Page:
18 November 2014

Leaving the Pack by David J. O'Brien

 Nobody believes in werewolves.
That's just what Paul McHew and his friends are counting on.

They and their kind roam our city streets: a race of people from whom the terrible legend stems; now living among us invisibly after centuries of persecution through fear and ignorance. Superficially Caucasian but physiologically very different, with lunar rhythms so strong that during the three days of the full moon they are almost completely controlled by their hormonal instincts, you might have cursed them as just another group of brawling youths or drunken gang-bangers. Now at the point of extinction, if they are to survive their existence must remain restricted to mere stories and legend, but, paradoxically, they also must marry outside their society in order to persist.

The responsibility for negotiating this knife-edge is given to Paul, who runs the streets with his friends during the full moon, keeping them out of real trouble and its resultant difficult questions. Having succeeded for years, he finds his real test of leadership comes when he meets Susan, a potential life-mate, to whom he will have to reveal his true identity if he is ever to leave his pack.

10% of the author's royalties will be donated to WWF, the World Wildlife Fund.
I don’t read a whole lot of paranormal romance these days.  I started out with a love for it, but I’ve now shifted into an affinity for contemporary romance.  I am glad, however, I took a chance on this paranormal book because I think it is probably one of the most believable I have read to date.
Paul is a werewolf, but not in the traditional sense.  He’s been running with a pack of other werewolves who, for 3 evenings during a full moon, go a bit bootie crazy as their body chemistry shifts.  The rest of the time they are professional men.  One night, Paul meets Susan and recognizes her as the woman he wants to spend his life with.  Now, he must not only leave his pack but also convince this woman to stay with him even after she finds out his true nature.
Well, this was a pretty sexy and action packed book.  I really liked the way the werewolf legend was changed in order to be more modern and to make it more believable.  I really think this is what modern paranormal romance should do.  Plus, it’s a great crossover novel for people who may not be into paranormal romance.
The chemistry between the main characters was great.  That is one of the most important things to me in books is to be able to not only understand the attraction, but feel the anticipation.  I got that here.  Susan and Paul are not a sugary, flowers and rainbows kind of couple.  There was a hint of realism to their interactions that only served to pull me further into the story.
My only complaint about the book is that it did seem to get bogged down in descriptions at times.  You learn a lot about Paul’s pack and its history.  I perhaps could have done without some of that.  I do, however, think if you can get through those points in the book it is well worth the read.  4 stars.
David J O'Brien was born and raised in Dun Laoghaire, Ireland. He studied environmental biology and later studied deer biology for his PhD, at University College Dublin. Instead of pursuing his life-long interest in wolves and predator-prey interactions, after completing his doctorate, he taught English in Madrid, Spain, for four years while his girlfriend finished her doctorate in molecular biology. They married and moved to Boston, USA, so his wife could pursue her career and David decided that teaching was a vocation he was happy to continue. After seven great years teaching Biology at Boston's Cathedral High School and Zoology at Bridgewater State College, he returned to Spain three years ago so his wife could set up her new research group in her hometown of Pamplona shortly before their daughter was born.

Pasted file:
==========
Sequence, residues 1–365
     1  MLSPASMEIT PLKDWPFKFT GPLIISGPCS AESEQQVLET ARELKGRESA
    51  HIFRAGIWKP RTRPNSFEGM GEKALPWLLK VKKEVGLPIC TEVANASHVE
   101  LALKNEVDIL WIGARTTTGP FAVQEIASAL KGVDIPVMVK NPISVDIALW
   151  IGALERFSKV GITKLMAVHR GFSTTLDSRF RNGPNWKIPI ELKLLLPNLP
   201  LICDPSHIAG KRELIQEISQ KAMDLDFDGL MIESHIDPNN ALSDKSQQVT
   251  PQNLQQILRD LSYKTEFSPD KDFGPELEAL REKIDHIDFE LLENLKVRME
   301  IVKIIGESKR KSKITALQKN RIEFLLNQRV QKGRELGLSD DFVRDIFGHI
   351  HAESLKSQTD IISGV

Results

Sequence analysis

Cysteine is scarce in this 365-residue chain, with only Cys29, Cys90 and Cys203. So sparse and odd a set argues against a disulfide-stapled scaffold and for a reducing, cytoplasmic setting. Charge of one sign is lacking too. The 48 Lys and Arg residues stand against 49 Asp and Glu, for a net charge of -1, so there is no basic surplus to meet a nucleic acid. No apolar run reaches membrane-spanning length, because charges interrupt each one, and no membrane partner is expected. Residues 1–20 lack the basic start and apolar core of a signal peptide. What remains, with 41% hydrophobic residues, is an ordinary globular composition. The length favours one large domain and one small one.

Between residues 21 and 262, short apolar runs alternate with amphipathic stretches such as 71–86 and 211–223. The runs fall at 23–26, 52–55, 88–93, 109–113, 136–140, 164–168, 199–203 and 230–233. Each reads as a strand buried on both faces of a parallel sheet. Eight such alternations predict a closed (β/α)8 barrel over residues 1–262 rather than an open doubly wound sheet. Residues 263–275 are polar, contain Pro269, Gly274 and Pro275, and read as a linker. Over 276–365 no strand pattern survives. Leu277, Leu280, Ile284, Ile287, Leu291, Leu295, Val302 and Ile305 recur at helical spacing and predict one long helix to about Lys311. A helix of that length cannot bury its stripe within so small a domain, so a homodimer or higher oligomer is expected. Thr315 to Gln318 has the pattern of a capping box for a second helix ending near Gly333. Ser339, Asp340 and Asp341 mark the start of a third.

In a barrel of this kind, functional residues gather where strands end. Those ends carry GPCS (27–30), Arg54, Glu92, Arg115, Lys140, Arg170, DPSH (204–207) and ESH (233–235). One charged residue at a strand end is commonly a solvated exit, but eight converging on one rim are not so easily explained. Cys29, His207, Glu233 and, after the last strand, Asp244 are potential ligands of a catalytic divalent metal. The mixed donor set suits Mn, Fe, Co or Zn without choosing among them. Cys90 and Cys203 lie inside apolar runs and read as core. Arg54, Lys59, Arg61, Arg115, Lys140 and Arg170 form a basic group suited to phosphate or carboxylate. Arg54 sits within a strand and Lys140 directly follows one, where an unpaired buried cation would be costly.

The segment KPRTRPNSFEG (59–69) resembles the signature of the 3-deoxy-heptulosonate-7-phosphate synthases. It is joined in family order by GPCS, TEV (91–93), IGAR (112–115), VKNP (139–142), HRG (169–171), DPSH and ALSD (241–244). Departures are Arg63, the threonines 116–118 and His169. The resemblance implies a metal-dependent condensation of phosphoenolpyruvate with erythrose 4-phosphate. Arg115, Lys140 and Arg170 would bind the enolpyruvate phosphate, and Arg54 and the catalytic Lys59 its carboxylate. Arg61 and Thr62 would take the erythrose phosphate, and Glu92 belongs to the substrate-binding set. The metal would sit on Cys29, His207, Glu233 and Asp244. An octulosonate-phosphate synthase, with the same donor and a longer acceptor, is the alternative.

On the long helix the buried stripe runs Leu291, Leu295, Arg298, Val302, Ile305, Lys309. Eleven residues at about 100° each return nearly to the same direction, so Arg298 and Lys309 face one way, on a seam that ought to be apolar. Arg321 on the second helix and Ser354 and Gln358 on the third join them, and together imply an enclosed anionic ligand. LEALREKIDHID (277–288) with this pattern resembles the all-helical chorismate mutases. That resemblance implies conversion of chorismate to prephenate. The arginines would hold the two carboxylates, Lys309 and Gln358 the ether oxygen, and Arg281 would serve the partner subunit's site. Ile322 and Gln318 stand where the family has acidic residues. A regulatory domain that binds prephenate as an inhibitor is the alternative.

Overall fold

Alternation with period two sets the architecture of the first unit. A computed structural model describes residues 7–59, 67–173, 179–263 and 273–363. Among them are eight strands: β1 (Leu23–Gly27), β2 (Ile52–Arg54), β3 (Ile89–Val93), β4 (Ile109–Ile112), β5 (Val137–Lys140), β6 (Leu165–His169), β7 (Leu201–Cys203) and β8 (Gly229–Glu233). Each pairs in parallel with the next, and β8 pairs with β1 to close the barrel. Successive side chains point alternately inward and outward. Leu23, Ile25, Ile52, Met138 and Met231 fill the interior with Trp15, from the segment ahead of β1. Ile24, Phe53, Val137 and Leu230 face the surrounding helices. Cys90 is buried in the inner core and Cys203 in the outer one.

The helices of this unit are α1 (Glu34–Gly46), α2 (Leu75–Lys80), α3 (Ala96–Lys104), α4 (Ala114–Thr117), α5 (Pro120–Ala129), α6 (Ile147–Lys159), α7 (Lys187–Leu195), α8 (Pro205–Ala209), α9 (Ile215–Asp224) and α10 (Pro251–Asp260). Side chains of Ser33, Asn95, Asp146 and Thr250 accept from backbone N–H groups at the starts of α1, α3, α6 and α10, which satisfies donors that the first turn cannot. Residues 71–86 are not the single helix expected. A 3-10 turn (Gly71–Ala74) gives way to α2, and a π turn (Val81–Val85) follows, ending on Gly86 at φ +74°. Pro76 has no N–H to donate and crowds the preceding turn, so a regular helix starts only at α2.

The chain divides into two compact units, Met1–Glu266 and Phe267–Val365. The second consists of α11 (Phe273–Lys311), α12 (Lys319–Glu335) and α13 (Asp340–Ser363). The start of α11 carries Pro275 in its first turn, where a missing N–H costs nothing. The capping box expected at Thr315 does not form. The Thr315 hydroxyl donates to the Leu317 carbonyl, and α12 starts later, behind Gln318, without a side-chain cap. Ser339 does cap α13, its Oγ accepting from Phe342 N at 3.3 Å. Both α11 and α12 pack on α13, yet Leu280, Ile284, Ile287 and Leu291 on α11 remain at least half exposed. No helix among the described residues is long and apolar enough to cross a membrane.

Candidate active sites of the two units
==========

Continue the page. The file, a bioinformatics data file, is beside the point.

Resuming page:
David has loved writing since his teens. He began with poetry and had one of his first poems published in Cadenza, a small Dublin poetry magazine at the age of fourteen. Since then several more have been published in journals and anthologies such as Albatross, The Tennessee State Poetry League, Poems of Nature and various anthologies of Forward Press imprint in Britain. He began writing fiction soon after and wrote the novella that would later become Leaving The Pack at the age of seventeen. Though his academic writing took precedence for a number of years, and he is still involved in deer biology and management, he kept writing other things in his spare time and has always dreamt of one day being able to do it full time. While living in Madrid, he wrote some non-fiction articles for the Magazine Hot English and while in Boston for the newspaper Dig. There, too, he took a feature-writing class in Emmanuel College he was awarded as thanks for mentoring a student teacher.
An avid wildlife enthusiast and ecologist, much of David's non-academic writing, especially poetry, is inspired by wildlife and science, and he sometimes seeks to describe the science behind the supernatural. He has written a little bit of everything: to date a four-act play, a six-episode sit-com, various short stories and four more novels.
After two more years teaching English and science in a secondary school, David recently moved to a private teaching academy to develop their English program. This has not only given him more time with his daughter and enjoy Pamplona and its surroundings, but also allowed him to finally devote time to fully developing his writing career.


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